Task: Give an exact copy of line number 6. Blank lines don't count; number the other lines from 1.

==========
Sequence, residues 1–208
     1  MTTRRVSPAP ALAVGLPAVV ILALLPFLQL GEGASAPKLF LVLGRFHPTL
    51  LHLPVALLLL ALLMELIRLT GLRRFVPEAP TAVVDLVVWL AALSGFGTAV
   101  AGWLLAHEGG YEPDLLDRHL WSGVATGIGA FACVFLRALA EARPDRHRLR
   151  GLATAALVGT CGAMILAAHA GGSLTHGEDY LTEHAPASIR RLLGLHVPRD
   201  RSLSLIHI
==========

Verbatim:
   201  RSLSLIHI